In a discovery at the Children’s Medical Center Research Institute at UT Southwestern (CRI), a research team has taken a significant step in cracking the code of an atypical metabolic pathway that allows certain cancerous tumors to thrive, providing a possible roadmap for defeating such cancers.
Working with mice, researchers report they have identified chemical signals that certain breast cancers use to recruit two types of normal cells needed for the cancers’ spread.
Scientists have shown how switching off a key protein in pancreatic cells slows the spread of the disease to other tissues, a key step which can mean patients have just weeks to live.
In our sixth video, Andrew Wiecek wraps up the discussion by taking a look at one of the therapeutic areas that could be significantly improved by personalized medicine: cancer. The approach is similar to comparing apples to apples, he says.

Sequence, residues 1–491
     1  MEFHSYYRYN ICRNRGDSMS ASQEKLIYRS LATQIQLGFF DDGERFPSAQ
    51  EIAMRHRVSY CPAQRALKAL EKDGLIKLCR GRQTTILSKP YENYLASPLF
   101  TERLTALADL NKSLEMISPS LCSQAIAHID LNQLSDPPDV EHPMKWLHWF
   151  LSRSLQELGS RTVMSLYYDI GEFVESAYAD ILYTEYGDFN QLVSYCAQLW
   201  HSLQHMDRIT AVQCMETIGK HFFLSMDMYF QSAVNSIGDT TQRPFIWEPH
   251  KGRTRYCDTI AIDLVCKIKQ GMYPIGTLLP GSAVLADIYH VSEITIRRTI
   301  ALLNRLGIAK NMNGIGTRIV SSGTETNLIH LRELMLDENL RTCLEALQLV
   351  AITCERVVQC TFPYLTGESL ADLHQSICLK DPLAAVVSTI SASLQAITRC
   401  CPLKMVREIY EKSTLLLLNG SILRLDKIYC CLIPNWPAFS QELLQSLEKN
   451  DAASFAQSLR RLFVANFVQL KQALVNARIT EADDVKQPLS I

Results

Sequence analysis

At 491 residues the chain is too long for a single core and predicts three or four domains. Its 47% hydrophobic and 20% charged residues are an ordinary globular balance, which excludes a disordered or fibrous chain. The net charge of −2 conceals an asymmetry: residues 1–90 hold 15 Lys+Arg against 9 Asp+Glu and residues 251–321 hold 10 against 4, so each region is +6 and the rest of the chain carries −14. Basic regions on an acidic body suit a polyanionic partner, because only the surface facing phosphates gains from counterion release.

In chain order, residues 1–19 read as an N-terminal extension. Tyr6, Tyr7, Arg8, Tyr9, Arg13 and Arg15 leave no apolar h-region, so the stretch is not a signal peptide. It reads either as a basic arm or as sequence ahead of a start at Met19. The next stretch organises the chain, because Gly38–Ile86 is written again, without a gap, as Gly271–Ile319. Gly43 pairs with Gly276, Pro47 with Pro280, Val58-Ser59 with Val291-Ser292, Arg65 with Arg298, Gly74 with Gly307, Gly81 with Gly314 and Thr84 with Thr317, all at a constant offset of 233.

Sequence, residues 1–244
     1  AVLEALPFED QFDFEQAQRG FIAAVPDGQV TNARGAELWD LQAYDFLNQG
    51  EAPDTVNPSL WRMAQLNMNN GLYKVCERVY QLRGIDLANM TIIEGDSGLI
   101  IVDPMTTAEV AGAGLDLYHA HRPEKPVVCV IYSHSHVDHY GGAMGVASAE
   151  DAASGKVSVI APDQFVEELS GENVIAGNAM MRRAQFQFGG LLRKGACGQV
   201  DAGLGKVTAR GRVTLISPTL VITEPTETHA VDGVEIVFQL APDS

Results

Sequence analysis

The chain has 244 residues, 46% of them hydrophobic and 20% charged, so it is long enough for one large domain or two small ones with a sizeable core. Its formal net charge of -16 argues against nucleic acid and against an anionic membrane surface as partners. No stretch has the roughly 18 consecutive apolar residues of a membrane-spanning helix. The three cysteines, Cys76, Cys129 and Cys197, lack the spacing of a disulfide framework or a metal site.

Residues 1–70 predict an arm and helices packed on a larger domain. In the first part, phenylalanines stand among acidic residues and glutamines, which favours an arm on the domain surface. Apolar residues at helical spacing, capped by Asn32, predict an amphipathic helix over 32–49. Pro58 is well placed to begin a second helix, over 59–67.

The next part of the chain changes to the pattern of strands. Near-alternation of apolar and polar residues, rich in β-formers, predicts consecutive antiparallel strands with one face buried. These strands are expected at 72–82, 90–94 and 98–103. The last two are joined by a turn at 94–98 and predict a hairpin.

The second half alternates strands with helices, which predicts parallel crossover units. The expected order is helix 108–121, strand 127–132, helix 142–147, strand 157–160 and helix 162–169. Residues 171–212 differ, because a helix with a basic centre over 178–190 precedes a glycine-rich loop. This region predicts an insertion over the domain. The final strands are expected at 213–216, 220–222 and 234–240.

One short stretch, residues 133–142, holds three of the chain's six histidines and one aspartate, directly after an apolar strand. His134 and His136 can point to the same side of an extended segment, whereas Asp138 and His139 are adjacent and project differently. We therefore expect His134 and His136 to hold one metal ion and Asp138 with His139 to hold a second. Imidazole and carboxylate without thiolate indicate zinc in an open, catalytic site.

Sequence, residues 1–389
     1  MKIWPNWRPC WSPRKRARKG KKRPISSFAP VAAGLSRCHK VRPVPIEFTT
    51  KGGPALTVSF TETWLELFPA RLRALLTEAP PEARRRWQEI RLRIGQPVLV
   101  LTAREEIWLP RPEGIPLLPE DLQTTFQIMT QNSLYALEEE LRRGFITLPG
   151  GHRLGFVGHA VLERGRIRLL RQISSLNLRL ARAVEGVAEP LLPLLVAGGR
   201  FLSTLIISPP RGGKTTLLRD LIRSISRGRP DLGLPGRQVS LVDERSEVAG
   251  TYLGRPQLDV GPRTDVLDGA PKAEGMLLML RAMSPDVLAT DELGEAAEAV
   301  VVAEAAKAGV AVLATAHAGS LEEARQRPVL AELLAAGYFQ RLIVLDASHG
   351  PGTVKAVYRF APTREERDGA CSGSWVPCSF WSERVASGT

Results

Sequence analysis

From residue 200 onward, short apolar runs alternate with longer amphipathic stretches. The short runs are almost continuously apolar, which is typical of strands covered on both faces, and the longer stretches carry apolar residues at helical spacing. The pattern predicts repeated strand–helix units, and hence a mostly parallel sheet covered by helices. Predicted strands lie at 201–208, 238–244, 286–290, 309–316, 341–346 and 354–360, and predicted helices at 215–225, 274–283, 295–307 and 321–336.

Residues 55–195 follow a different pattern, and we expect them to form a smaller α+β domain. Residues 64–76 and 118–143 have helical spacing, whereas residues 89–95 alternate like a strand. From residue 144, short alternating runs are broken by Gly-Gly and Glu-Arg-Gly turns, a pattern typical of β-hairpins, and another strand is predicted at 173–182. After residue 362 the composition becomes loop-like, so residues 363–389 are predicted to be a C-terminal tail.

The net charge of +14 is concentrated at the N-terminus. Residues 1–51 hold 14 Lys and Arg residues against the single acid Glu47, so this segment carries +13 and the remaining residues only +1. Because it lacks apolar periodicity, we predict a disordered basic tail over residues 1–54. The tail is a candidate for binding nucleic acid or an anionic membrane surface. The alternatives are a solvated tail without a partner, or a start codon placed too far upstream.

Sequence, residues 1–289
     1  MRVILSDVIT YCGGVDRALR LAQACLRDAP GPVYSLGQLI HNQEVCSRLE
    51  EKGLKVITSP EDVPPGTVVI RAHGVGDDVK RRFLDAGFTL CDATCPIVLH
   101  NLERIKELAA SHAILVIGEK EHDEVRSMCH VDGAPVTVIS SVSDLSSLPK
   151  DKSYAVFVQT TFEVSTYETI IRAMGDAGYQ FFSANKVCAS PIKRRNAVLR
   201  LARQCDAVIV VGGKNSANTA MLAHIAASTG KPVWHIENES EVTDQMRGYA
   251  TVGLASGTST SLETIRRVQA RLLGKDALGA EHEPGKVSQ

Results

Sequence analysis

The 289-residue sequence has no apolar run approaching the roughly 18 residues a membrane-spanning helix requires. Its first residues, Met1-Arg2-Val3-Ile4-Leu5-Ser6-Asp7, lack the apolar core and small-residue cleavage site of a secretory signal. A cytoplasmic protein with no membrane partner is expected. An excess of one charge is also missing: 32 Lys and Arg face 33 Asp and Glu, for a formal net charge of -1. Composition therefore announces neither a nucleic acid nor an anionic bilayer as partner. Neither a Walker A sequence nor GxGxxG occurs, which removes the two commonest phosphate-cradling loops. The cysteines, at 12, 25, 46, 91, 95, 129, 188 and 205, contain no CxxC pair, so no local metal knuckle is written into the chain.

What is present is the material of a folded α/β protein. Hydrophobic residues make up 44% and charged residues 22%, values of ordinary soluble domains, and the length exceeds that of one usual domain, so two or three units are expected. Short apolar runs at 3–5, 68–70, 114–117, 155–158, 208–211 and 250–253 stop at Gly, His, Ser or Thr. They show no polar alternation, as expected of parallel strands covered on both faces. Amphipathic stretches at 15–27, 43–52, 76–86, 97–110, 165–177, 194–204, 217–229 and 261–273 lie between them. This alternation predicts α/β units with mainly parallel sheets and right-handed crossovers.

A team of researchers have proposed that an “on and off” epigenetic switch could be a common mechanism behind the development of different types of cancer. The current paradigm states that cancer develops from environmental and genetic changes to cancer progenitor cells. These changes are the result of mutations, exposure to toxic substances, or hormonal imbalances. Cancer progression, however, is extremely complex.
There is bad news for those who believe drinking red wine is protecting their hearts and extending their lives. A study found that a plant compound in grapes—resveratrol—may not provide such health benefits. The nine-year study found resveratrol had no significant effect on longevity, inflammation, cardiovascular disease, or cancer.
In a proof-of-principle clinical trial, researchers have demonstrated that virotherapy— destroying cancer with a virus that infects and kills cancer cells but spares normal tissues— can be effective against the deadly cancer multiple myeloma.
Breastfeeding, tubal ligation– also known as having one’s “tubes tied”– and oral contraceptives may lower the risk of ovarian cancer for some women with BRCA gene mutations, according to a new comprehensive analysis.